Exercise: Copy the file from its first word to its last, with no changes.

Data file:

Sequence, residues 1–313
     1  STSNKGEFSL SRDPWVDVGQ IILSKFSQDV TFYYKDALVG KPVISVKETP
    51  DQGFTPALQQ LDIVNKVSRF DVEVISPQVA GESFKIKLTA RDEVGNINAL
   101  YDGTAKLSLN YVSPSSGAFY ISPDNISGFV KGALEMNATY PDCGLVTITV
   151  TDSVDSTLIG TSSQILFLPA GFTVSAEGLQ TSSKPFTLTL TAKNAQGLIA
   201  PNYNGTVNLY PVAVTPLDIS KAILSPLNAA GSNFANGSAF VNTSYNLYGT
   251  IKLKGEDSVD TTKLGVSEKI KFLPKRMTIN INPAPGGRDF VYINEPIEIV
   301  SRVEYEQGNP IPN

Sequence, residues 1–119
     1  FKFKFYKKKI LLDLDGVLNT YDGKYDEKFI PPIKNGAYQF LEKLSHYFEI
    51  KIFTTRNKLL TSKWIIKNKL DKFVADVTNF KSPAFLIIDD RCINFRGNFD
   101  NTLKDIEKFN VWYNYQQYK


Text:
Sequence, residues 1–313
     1  STSNKGEFSL SRDPWVDVGQ IILSKFSQDV TFYYKDALVG KPVISVKETP
    51  DQGFTPALQQ LDIVNKVSRF DVEVISPQVA GESFKIKLTA RDEVGNINAL
   101  YDGTAKLSLN YVSPSSGAFY ISPDNISGFV KGALEMNATY PDCGLVTITV
   151  TDSVDSTLIG TSSQILFLPA GFTVSAEGLQ TSSKPFTLTL TAKNAQGLIA
   201  PNYNGTVNLY PVAVTPLDIS KAILSPLNAA GSNFANGSAF VNTSYNLYGT
   251  IKLKGEDSVD TTKLGVSEKI KFLPKRMTIN INPAPGGRDF VYINEPIEIV
   301  SRVEYEQGNP IPN

Sequence, residues 1–119
     1  FKFKFYKKKI LLDLDGVLNT YDGKYDEKFI PPIKNGAYQF LEKLSHYFEI
    51  KIFTTRNKLL TSKWIIKNKL DKFVADVTNF KSPAFLIIDD RCINFRGNFD
   101  NTLKDIEKFN VWYNYQQYK